The reason for ignoring the reports cannot possibly be because the Times editors consider Human Rights Watch reports about Latin American leaders to lack news value. When Human Rights Watch issued a report about Venezuela president Hugo Chavez – who, unlike Lobo, is opposed to the favored neoliberal economic policies of the US government - the Times dutifully published a full article about the report, titled "Report Accuses Chavez of Abusing Rights." [XII]
But the Times, it seems, is rather selective when it comes to reporting on the alleged abuses of world leaders - ignoring them when they are done by allies who share the economic worldview of the United States, and amplifying accusations against those who oppose the Washington Consensus. In fact, even when the Times did manage to mention the accusations against Lobo, they did so in the softest possible terms. Since Lobo's presidency began, the Times has mentioned human rights abuses in Honduras twice on their news pages. Once was in a June 6 article titled, "Latin America Still Divided Over a Coup in Honduras."[XIII] The only direct mention of human rights abuses was buried 20 paragraphs deep into a 25-paragraph story and merely said, "Human rights groups complain of arbitrary arrests, beatings and killings of government opponents over the past year. And seven journalists have been killed in the country in recent months, although it has not yet been determined how many of those attacks have political links." It is interesting that the Times chose to emphasize how politically divided the nation is without mentioning the harrowing data about post-coup Honduras - such as the more than 600 cases of cruel and unusual punishment, at least 23 politically motivated killings and the removal of judges critical of the coup - all of which could help provide readers important context to political realities in the country. [XIV]
The other mention was on July 27, 2010, when the Times covered a report released by the Committee to Protect Journalists, which expressed concern over journalists' deaths. But this report also failed to document the extent of the ongoing troubles in Honduras.[XV] Tellingly, in the online version of the article, the term "human rights violations" was hyperlinked to a previous Times article. The link takes readers to a nine-month-old article about abuses following the coup that took place before Lobo's presidency, as if to underscore how little attention the Paper of Record has paid to Lobo's abuses in the last year. [XVI]
The Washington Post likewise painted the massive violence, not as an egregious abuse of power, but rather as an example of "how difficult it is to bridge regional divisions." [XVII]
The Times' editorial page has failed to publish any editorials or op-eds condemning the human rights abuses, (as they do when Iran or Venezuela are accused of abuses), though opponents of Zelaya were given ample space in op-ed pages when the political crisis first began. [XVIII]
Pushing for International Legitimacy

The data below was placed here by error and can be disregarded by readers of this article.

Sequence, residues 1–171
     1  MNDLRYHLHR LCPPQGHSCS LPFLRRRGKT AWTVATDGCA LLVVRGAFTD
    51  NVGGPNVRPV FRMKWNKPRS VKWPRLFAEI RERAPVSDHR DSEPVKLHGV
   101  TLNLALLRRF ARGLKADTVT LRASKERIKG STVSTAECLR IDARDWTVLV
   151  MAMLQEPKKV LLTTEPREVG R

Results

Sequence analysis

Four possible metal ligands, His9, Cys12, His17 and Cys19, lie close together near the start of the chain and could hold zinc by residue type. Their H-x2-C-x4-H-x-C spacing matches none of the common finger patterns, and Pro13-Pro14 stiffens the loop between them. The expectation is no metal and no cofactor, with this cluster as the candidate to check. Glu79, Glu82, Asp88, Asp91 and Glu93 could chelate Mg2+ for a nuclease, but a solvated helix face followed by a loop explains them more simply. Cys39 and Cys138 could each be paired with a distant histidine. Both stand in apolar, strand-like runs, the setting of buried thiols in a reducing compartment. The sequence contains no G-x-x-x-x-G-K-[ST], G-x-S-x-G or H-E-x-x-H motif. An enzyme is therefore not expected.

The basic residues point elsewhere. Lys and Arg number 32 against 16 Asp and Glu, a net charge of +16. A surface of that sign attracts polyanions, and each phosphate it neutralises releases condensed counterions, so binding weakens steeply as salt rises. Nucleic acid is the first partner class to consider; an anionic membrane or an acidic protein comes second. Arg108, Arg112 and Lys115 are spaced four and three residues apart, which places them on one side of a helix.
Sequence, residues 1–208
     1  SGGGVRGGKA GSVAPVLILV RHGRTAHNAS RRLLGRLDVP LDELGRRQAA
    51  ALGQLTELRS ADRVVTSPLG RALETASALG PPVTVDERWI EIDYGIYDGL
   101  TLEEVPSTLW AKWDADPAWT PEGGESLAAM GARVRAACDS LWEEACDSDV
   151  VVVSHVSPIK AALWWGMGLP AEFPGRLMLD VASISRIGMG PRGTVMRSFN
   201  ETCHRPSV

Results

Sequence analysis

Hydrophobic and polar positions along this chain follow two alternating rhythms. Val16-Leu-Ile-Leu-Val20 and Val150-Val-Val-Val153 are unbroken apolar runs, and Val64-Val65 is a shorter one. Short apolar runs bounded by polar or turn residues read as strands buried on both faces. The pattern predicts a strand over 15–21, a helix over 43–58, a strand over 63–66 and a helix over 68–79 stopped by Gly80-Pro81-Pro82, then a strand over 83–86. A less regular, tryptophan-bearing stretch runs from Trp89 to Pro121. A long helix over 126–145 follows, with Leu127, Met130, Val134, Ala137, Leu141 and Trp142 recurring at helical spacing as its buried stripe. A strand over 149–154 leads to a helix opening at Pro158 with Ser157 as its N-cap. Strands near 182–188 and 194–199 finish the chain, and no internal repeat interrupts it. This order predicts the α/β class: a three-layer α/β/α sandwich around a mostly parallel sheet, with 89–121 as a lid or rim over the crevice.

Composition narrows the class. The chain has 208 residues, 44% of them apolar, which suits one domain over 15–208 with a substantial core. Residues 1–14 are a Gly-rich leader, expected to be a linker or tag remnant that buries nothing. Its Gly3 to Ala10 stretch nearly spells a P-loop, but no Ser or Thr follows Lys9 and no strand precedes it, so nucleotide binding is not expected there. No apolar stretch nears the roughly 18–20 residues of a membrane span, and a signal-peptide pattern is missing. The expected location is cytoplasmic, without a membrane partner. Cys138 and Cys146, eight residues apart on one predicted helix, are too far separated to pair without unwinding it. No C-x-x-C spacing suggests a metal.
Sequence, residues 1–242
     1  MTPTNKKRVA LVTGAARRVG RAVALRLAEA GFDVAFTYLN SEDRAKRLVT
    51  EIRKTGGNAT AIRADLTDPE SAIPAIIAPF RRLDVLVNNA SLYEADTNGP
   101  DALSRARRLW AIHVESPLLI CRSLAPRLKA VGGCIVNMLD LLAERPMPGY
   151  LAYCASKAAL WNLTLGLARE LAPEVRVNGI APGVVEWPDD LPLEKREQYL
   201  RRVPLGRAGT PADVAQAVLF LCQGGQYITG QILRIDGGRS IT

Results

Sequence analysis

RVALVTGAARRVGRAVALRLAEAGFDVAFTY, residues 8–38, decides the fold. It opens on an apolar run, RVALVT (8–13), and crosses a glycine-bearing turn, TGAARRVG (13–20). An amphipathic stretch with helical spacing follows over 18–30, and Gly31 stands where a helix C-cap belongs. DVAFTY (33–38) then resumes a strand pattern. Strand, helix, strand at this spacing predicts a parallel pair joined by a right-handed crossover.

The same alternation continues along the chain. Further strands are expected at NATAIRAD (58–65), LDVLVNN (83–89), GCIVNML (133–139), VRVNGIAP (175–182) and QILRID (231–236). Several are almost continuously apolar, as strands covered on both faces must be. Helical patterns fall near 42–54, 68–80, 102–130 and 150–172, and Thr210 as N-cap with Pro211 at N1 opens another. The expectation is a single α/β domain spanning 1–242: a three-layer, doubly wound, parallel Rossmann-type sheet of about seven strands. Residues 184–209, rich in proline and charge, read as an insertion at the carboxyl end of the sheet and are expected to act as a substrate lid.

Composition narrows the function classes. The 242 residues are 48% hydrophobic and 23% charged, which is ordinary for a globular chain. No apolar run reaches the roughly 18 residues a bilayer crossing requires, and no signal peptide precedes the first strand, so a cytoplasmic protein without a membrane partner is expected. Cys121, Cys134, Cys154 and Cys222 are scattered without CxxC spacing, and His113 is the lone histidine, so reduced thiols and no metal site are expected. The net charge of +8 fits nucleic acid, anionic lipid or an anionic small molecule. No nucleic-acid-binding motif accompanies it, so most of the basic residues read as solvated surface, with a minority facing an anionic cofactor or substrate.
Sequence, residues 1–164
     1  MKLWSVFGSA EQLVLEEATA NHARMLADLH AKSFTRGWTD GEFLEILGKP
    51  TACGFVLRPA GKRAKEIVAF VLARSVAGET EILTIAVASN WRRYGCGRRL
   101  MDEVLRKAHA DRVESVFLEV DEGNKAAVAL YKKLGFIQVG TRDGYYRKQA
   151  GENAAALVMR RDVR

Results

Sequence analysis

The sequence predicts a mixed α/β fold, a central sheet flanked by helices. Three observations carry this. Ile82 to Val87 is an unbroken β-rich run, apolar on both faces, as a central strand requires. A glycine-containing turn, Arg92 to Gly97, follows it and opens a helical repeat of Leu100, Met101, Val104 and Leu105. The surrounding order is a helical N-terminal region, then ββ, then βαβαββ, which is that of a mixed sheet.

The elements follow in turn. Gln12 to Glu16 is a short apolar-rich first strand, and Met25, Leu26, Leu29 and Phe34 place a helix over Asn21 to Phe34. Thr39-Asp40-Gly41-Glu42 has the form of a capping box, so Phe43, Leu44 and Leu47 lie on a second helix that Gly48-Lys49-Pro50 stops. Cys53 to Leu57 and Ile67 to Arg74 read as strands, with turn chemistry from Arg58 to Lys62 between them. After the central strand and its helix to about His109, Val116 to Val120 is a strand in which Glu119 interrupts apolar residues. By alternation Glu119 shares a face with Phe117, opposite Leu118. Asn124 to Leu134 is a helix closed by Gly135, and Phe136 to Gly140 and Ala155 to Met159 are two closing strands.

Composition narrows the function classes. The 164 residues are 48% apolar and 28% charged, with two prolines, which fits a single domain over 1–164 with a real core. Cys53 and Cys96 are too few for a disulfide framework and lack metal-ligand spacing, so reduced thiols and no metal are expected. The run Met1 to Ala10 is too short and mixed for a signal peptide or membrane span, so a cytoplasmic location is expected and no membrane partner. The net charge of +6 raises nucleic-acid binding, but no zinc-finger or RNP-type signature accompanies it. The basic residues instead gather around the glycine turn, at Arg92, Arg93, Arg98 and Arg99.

While critics of the Lobo regime have been largely ignored by the media, those who wish to see the regime granted international legitimacy have been given a considerable platform in the US press. The Washington Post, for example, quoted Secretary of State Hillary Clinton urging the Organization of American States (OAS) to recognize the new regime in Honduras, citing "strong and consistent commitment to democratic governance and constitutional order," from President Lobo. [XIX] The Post article, amazingly, did not bother to mention Lobo's human rights record at all, and only acknowledged that within the OAS "a majority of ministers opposed even adding the question of Honduras to the agenda." Readers were left to figure out for themselves why there was opposition to accepting Honduras into the OAS.
In fact, when the Unites States publicly came out in favor of the return of Honduras to the OAS, the mainstream media gave the development a massive degree of coverage. In addition to the Post, Reuters, the Miami Herald, The New York Times and CNN all covered US expressions of support for the new Honduran government. [XX] Readers in the U.S. were able to read plenty of praise and support for Lobo's government, but almost no substantial critiques.
The push to recognize the fraudulent regime was not surprising to those who followed the US media coverage of the November 2009 elections, which, despite voting irregularities, reports of voter intimidation and a lack of any monitoring or recognition by the bulk of the international community, were portrayed as a triumph for democracy in the country.
Despite numerous reports of widespread abuses on election day, The Washington Post called the election "mostly peaceful." [XXI] Bloomberg reported that Lobo was "elected president in a peaceful vote," to "overcome a five-month political crisis" and quoted political analyst Heather Berkman: "Honduras is definitely getting toward the end of the crisis." [XXII]The New York Times said in an editorial that there was "wide agreement" that the election "was clean and fair," despite having declared weeks earlier that "an election run by the coup plotters won't be credible to Hondurans - and it shouldn't be to anyone else." [XXIII]